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Could our universe be a pinched off blackhole?  Sure?  There’s no good reason (that I’m aware of) to doubt conservation of matter and energy, so it would have had to be a really (really) big one.

It’s worth mentioning that whether or not blackholes go anywhere is fundamentally unimportant, since: 1) You can’t actually pass the event horizon (time from an outside perspective slows to zero on approach).  2) On approach you’ll be torn down to your atoms by the tidal forces.  3) You’d never get back out to tell the tale.

Both of the above graphs were happily stolen from “Gravity”, by James Hartle.

The water drop photo is from “Drop Shots!, Reflections on the Waterdrop“.

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8 Responses to Q: If black holes are “rips” in the fabric of our universe, does it mean they lead to other universes? If so, then did time begin in that universe at the inception of the black hole? Could we be in a black hole?

  1. Joao Neto says:

    Sorry for the perhaps silly question, but if we cannot pass the event horizon, how Black Holes increase their mass? It seems that all attracted mass will take forever to enter the Black Hole…

  2. The Physicist Physicist says:

    Not silly at all, it bothers me too. From an outside perspective it does take forever for things to fall into a blackhole. However, the blackhole still gains the mass of the in-falling object. Whether the object passes through the event horizon, or ends up schmeared across it makes very little difference.

  3. Pingback: Q: Can one truly create something from nothing? If matter formed from energy (as in the Big Bang expansion), where did the energy come from? « Ask a Mathematician / Ask a Physicist

  4. perk says:

    well i just googled for a good picture of Kruskal–Szekeres coordinates and got here this way..

    after looking for some time at you diagram i think the worldline is a bad example since it shows an observer with initial velocity close to lightspeed (in your actual drawing he is actually faster then the speed of light at the lower right end of his path) and is constantly excellerating outward (thus braking) in the first phase of his movement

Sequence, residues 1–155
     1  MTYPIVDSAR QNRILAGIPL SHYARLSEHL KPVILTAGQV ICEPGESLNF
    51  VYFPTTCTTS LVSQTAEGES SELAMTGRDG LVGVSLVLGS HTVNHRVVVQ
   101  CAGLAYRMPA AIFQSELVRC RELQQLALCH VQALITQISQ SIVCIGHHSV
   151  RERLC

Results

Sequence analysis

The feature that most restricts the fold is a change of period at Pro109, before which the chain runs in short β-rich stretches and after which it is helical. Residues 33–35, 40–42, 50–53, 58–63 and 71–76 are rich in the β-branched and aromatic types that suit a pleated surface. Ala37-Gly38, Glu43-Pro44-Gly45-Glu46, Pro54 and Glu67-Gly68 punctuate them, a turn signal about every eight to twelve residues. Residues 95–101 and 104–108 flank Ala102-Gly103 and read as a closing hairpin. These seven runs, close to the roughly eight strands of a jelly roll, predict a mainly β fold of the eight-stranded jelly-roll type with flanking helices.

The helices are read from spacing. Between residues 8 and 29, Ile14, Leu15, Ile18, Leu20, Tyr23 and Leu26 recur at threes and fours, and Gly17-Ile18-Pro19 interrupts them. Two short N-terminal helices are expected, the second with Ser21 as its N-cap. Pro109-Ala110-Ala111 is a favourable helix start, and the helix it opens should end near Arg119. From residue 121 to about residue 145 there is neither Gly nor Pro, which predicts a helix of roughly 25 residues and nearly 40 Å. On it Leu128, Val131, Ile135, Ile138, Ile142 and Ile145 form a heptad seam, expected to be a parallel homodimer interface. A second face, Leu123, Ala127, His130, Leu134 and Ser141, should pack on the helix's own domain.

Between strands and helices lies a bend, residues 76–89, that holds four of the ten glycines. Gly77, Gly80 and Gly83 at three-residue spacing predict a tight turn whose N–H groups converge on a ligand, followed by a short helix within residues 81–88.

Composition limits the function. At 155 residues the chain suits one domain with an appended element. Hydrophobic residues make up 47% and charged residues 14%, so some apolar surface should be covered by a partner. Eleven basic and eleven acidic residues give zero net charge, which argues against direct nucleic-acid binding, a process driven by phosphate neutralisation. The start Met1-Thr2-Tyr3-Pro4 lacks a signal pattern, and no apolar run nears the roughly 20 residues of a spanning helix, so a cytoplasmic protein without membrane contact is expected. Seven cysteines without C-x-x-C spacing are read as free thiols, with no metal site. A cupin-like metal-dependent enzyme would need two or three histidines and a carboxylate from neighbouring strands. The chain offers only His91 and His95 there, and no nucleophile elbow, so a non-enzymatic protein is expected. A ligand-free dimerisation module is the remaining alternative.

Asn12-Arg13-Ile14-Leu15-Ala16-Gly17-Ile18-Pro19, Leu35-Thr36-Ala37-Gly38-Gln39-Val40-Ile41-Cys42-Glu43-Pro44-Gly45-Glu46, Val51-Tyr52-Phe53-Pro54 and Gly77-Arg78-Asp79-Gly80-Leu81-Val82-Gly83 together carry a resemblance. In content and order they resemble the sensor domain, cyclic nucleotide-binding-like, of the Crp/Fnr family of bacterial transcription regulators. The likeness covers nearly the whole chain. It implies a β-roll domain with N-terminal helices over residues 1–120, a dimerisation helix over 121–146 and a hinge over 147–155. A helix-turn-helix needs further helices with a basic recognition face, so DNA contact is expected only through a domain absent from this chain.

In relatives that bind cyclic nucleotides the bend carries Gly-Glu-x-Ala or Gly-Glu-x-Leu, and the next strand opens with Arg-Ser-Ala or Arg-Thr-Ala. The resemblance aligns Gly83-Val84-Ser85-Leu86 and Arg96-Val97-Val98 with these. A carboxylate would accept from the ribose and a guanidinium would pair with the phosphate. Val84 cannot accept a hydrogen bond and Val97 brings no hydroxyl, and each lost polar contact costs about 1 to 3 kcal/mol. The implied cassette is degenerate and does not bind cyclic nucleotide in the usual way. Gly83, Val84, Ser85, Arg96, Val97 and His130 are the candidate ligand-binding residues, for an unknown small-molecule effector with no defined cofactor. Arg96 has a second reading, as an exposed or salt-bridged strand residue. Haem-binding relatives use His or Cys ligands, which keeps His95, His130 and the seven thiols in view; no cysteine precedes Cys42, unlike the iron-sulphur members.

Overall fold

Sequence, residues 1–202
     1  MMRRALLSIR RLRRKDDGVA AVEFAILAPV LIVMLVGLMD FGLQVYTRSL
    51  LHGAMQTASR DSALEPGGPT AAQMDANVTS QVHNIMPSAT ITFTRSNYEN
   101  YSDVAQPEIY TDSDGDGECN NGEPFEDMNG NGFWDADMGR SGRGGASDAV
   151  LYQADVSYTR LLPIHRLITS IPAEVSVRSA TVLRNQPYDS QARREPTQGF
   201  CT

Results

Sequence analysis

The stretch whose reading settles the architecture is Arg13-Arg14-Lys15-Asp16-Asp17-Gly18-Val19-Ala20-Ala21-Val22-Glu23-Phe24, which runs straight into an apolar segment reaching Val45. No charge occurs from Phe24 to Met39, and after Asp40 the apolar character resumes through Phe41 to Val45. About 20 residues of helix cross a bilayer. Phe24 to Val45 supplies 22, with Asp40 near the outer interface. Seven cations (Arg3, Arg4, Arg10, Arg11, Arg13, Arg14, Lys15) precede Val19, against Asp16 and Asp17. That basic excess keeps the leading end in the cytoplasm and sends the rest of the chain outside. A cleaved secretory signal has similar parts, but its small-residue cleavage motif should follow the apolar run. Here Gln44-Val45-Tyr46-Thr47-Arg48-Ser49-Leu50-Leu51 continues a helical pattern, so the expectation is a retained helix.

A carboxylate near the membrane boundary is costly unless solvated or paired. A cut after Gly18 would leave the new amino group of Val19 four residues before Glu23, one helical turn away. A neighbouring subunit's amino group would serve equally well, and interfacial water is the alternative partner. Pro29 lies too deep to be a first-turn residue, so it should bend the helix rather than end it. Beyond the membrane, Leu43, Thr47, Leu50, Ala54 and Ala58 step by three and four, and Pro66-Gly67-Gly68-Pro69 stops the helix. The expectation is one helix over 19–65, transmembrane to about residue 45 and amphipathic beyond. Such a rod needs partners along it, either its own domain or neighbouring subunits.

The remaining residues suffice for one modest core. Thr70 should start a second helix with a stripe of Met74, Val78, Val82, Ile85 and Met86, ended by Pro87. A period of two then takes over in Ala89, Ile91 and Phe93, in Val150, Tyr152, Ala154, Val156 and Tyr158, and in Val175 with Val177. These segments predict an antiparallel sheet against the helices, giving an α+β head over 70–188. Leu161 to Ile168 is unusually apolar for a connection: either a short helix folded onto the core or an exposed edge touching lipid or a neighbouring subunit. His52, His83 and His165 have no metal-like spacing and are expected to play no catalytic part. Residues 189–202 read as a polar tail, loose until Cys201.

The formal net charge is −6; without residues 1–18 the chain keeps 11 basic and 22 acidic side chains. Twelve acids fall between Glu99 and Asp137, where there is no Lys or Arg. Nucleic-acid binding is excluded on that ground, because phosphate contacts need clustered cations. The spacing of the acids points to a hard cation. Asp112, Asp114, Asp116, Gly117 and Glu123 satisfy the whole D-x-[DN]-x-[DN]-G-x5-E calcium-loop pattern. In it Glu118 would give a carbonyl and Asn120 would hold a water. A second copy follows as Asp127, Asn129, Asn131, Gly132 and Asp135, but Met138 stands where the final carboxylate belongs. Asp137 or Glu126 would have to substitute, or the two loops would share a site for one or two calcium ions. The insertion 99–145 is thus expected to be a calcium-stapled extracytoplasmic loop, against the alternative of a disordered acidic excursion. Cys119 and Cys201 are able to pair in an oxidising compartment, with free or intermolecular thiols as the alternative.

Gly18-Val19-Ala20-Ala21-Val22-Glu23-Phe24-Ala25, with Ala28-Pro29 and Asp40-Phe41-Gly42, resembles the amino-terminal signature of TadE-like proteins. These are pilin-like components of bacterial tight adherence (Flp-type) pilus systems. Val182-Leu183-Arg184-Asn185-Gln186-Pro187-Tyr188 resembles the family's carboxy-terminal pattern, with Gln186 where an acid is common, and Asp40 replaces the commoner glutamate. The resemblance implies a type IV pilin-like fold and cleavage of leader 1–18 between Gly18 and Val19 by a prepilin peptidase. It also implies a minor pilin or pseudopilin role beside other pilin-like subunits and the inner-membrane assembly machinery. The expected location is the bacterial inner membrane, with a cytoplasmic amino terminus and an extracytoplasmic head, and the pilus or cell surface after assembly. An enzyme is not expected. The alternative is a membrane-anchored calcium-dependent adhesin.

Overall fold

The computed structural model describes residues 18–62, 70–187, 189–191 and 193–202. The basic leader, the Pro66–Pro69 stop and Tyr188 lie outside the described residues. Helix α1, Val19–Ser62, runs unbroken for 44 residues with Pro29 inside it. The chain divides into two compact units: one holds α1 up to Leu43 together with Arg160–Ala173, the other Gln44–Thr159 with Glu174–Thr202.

after about the first lightcone it gets harder to see his velocity but it stays roughly the same instead of the gravitational acceleration expected for a free falling observer

  5. The Physicist Physicist says:

    In K-S coordinates it’s a little difficult to get a good idea of what’s going on. A beam of light always travels on 45° lines (nice) and the removable singularity of the event horizon is removed (very nice), but massive (sub-light speed) particles are tricky. For example, a particle hovering at the same altitude will follow a hyperbolic path. So when you’re far from the center of the diagram even stationary particles move along nearly 45° trajectories.
    It’s very difficult to see true velocity, and especially acceleration, from K-S coordinates.
    Also, it does look like it’s a little past 45° in the lower right. I blame the artist involved.

  6. Helpplease says:

    Can a black hole be used to travel through space and time. Has anyone ever been “sucked” into a black hole?

  7. The Physicist The Physicist says:

    It’s very unlikely that black holes can be used like doorways. However, they might be useful for “gravitational slingshots“. The nearest (known) black hole is thousands of lightyears away, and the most distant that any human has every been is about 1 lightsecond (the Moon).

  8. Boris Borcic says:

    I just landed here trying to answer for myself a question on the extant of past light cones at the horizon. The way the Schwarzschild time coord diverges near the horizon seems to suggest that the past line cone of an infalling mass at the point of crossing may or will, as seen from infinity, be disproportionately expanded in comparison to the past light cone of events just slightly earlier in proper time on the world-line of that mass.

    Is this correct?